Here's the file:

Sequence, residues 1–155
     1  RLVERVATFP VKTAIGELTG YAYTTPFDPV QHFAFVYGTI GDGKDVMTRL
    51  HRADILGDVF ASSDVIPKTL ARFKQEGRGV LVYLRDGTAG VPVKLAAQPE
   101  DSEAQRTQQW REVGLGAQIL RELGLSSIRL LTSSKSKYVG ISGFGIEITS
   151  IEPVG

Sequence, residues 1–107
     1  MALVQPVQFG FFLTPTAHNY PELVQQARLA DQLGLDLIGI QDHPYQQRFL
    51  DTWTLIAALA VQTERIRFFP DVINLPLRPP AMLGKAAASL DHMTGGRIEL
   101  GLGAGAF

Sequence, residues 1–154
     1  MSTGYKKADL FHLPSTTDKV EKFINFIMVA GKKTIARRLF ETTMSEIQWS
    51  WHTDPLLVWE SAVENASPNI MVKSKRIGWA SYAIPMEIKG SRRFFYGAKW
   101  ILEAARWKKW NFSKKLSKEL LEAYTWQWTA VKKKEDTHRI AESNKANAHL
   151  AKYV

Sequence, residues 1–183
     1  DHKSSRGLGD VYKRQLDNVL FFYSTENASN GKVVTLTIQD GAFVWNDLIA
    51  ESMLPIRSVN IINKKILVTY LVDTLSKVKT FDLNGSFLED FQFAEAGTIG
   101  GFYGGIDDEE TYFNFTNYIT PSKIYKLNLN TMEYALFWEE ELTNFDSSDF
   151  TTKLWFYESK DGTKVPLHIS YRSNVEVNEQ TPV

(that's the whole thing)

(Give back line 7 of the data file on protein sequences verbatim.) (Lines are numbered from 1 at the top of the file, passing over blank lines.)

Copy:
     1  MALVQPVQFG FFLTPTAHNY PELVQQARLA DQLGLDLIGI QDHPYQQRFL